Blue Cranes form monogamous pairs when breeding and are well known for their spectacular pairing and courtship displays, which we were fortunate to witness some time ago and which I featured in an earlier post – a couple of the images from that post are repeated below
My last post for 2021 comes with best wishes for a peaceful and healthy New Year
After publishing a post this week, I happened to notice that I have published 250 posts so far – a nice milestone to reach. That got me thinking – not too deeply mind you – about how it started and where blogging has taken me since July 2013 when I set out on this blogging journey
It all started some time after retirement when I took on the part-time role of Consultant, which gave me more time to do things outside the work/office environment, amongst them birding, photography and writing. The beauty of blogging is that it combines all of these into one neat package.
I have had a lifetime habit of recording travels and trips in diary form and keeping birding lists for various localities, so blogging seemed like a natural progression for these activities.
Photography has been a hobby of mine since my youth, starting with a simple point and shoot film camera borrowed from my dad, progressing through various upgrades of cameras and lenses into the digital age, going full circle to today where most of my photography is done with either my Iphone or with my very capable and convenient point-and-shoot camera, albeit a very sophisticated one.
WordPress was a good choice as my preferred software provider and it was not too difficult to learn how to set up posts, create a library of images and set categories and tags so that the published post looked reasonably professional.
So, blogging has satisfied my “writing passion” beyond what I imagined – an estimated 250,000 words and 5,000 images later I find myself looking forward to many more – it is my hope that some of you will join me on the next part of the journey.
In celebration of the milestone I have selected a few images which have garnered the most “clicks” over the years….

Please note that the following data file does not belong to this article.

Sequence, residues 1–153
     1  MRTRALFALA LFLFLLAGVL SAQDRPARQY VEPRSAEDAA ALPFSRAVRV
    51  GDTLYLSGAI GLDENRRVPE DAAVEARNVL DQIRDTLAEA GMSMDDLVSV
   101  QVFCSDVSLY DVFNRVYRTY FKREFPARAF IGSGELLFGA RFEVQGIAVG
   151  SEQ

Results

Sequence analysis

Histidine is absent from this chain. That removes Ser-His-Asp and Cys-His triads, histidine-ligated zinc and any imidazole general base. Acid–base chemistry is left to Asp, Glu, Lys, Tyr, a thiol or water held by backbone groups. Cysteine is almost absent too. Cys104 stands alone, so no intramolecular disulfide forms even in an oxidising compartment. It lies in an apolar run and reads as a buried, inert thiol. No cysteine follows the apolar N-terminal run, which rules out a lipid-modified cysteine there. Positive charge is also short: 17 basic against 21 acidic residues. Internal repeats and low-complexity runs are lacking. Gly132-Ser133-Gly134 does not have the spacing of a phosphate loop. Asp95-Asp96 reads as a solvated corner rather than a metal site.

I hope you have a peaceful and restful holiday season!
A few weeks ago we visited a small Nature Reserve in the Free State Province, in search of a rare bird, but were forced to turn around due to the poor condition of the road inside the reserve after heavy rains, which were just not suitable for the standard sedan we were driving.
As we headed out of the reserve we could see heavy weather building up on the horizon and I stopped to take a couple of images with my I-phone – I was quite pleased with the contrast between sunlit grassland in the foreground and the dark build-up of weather in the background.
Observing birds going about their daily business is often fascinating – when that business involves raising youngsters it becomes really special.
We were treated to a very special “show” during the late winter / early spring months of August and September this year while resident in our Mossel Bay home, which started with a casual comment from our neighbour (a non-birder who happens to be our brother-in-law).
My journal chronicles it as follows :
Day 1 : (1st August 2021)
Brother-in-law – let’s call him Tienie (mainly because that’s his name) – posed a question “what’s that bird in the garden with the long tail that likes the Protea bushes ?”. Well, there weren’t too many options so I surmised immediately that he was talking about the Cape Sugarbirds that frequent our garden almost year round.